We didn't take jeans, never really do when we travel. I have a pair of very plain black hiking pants, that look just like dress pants. Those were my going to dinner/walking around when cold pants. Hubby took a pair of thin black pants as well. Other than that two pairs of shorts for him, two pairs of capri pants for me - may cut it down to one next time, but you know that will be just the time when you get a big stain on your pants.
Laptop was mostly for photo storage. I had my dslr, one more lens and tripod. It was in a camera backpack strapped to my back rack. I'm not willing to go without my camera, may as well not go. Well, I may ditch the tripod.
How do you minimize toiletries? Do you keep buying more? Some hotels had them, some didn't. I'm allergic to strong scents, so usually take my own.

gringo_gus 10-01-10 01:36 PM

Hi Lucille, thanks so much for all the detail - sounds like real fun. We only toured for a week, so didn't need to take so much. We found hotels, if we called ahead, were really happy to find a garage or barn in which we could lock our bikes. Which was good, because the rooms were small sometimes. I took small toiletries to use as fallback not everyday, not that I didn't wash everyday, just most of time I could use hotel stuff, though I don't like the strong perfume stuff either.

But a couple of times it did rain a lot and the wind for sure, had to set off next day in damp clothes.

IronMac 10-02-10 04:39 AM

Quote:

Originally Posted by lucille (Post 11554128)
Thanks, Lou!

Laptop was mostly for photo storage. I had my dslr, one more lens and tripod. It was in a camera backpack strapped to my back rack. I'm not willing to go without my camera, may as well not go. Well, I may ditch the tripod.

First of all, I have no idea how anybody tours with only one set of cycling clothes. At least two sets!

Second, ditch the tripod or get a monopod. The latter comes in handy in case of self-defense.

Third, if all you need is photo storage then you may want to consider one of those hard drives that (Nikon?) sells whereby you can upload your photos to every day. Alternatively, you may look into options such as fiddling with the settings of the camera to produce smaller files or getting bigger flash memory cards.

MichaelW 10-02-10 08:12 AM

You need to be much more brutal with your packing list. I was carrying 56lbs for solo, self supported camping for 8 weeks.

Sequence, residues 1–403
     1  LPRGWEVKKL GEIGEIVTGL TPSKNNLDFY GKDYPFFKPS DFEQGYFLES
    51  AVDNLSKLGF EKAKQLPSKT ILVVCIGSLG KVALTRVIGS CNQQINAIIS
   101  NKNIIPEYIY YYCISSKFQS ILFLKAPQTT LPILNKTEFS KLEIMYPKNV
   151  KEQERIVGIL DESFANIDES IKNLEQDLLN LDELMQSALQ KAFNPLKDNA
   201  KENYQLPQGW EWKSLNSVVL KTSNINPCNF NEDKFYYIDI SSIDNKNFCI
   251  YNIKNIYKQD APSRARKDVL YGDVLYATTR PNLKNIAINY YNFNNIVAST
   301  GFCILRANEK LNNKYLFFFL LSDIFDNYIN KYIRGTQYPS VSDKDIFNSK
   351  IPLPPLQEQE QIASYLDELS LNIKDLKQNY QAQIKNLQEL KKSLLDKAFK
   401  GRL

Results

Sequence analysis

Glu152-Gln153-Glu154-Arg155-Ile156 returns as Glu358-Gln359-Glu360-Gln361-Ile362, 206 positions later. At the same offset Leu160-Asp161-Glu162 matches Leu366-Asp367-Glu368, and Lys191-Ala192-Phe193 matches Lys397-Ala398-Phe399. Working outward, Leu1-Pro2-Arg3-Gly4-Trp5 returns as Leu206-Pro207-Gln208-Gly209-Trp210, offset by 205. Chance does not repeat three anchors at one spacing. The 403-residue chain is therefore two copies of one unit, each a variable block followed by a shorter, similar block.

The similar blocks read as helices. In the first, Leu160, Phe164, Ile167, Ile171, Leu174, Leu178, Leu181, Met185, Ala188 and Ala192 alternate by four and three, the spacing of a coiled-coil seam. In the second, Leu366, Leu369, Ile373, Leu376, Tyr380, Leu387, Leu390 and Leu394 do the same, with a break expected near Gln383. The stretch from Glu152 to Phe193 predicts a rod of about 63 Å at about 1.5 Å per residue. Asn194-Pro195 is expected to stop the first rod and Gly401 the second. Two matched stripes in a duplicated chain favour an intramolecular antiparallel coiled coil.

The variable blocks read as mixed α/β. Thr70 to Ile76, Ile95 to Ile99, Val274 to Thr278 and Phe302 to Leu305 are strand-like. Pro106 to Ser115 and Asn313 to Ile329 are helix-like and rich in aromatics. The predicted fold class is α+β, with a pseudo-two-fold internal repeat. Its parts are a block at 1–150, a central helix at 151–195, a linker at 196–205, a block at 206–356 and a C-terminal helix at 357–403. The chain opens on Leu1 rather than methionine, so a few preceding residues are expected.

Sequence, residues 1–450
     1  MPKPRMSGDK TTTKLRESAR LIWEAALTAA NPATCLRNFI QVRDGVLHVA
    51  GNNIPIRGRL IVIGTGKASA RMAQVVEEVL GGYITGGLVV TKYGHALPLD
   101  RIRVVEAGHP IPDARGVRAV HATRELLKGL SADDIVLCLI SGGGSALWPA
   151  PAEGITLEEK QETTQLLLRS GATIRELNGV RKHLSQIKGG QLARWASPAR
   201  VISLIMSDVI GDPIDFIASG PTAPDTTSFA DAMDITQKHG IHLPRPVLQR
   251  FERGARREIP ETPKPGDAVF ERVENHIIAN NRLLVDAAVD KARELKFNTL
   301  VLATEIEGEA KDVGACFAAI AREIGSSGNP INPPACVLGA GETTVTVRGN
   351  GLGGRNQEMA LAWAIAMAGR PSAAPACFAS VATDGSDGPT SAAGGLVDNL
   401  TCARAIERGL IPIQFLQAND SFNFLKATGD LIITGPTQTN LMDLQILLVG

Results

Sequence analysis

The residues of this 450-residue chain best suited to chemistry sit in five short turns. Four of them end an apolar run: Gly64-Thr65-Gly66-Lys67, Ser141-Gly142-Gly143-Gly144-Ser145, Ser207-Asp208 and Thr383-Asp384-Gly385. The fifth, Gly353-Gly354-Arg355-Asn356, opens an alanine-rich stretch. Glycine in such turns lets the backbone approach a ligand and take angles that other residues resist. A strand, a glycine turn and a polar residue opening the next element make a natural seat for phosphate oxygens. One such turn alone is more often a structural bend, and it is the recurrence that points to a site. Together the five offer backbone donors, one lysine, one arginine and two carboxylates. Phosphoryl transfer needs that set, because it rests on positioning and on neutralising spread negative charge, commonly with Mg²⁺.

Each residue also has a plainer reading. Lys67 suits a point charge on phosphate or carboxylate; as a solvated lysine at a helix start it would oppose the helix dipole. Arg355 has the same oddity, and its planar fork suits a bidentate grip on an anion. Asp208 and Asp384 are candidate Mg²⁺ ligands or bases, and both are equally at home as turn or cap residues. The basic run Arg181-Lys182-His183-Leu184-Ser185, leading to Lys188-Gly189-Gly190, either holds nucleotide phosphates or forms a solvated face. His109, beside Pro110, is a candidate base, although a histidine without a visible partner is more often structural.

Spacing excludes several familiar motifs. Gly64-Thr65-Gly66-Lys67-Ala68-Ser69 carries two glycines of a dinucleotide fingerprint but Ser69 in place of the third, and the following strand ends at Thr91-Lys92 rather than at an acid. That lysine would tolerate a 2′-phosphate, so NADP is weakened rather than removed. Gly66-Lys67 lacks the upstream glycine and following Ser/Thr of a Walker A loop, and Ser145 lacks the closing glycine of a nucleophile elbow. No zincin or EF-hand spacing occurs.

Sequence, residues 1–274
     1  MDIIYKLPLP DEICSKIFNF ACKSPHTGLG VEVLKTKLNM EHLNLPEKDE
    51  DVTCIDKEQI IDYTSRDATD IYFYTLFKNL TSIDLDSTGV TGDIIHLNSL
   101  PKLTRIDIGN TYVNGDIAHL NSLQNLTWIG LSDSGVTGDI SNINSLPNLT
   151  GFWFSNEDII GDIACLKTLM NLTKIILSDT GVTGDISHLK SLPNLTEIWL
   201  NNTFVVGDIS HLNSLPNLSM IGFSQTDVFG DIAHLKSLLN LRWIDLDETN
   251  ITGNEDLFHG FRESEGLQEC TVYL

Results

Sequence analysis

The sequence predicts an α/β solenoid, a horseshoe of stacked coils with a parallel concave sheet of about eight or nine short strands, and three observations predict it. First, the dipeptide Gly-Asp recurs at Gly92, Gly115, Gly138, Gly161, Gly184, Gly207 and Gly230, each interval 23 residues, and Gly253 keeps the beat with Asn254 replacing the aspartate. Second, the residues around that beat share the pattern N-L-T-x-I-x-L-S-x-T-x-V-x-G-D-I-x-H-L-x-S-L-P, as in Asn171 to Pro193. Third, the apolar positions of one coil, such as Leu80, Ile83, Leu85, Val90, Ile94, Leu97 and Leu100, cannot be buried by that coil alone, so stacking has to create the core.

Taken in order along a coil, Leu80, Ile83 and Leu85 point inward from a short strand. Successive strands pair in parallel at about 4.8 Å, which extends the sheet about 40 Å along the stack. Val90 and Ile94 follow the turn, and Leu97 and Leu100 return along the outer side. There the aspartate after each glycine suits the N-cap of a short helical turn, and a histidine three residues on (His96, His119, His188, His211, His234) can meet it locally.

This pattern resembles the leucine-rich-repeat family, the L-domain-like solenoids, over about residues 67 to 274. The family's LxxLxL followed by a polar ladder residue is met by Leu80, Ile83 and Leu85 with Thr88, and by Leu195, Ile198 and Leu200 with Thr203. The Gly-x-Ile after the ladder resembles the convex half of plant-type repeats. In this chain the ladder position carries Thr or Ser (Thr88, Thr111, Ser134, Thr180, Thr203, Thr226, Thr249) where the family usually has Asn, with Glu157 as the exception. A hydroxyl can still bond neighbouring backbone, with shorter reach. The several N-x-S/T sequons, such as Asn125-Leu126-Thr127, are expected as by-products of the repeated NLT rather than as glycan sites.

Some foldy-bike tourists use a 40L backpack lashed to the low rear rack (+ bar bag). This makes you much more mobile when carrying a folded bike.
Use a photo storage device or a small netbook with a large thumb drive or card. Use devices with a USB charger so you can daisy chain off your netbook rather than separate charger units. Use a mini tripod.
Cut down on footwear. One pair of walkable riding shoes and one pr sandals or other ultralight shoes (eg marathon race shoes)
Use one set of off-bike/hiking/dinner clothes.
If you do spill dinner over your pants you can always change into your cycling leggings.

Niked 10-02-10 08:31 AM

Sounds like you had a great time. Thanks for posting! Isn't it great to be able to take your own wheels with you?

gringo_gus 10-03-10 02:23 AM

Quote:

Originally Posted by MichaelW (Post 11558022)
You need to be much more brutal with your packing list. I was carrying 56lbs for solo, self supported camping for 8 weeks.
Some foldy-bike tourists use a 40L backpack lashed to the low rear rack (+ bar bag). This makes you much more mobile when carrying a folded bike.
Use a photo storage device or a small netbook with a large thumb drive or card. Use devices with a USB charger so you can daisy chain off your netbook rather than separate charger units. Use a mini tripod.
Cut down on footwear. One pair of walkable riding shoes and one pr sandals or other ultralight shoes (eg marathon race shoes)
Use one set of off-bike/hiking/dinner clothes.
If you do spill dinner over your pants you can always change into your cycling leggings.


I wish I had had some of these tips before. You know what, maybe I will start a thread on "touring tips on small wheels" ?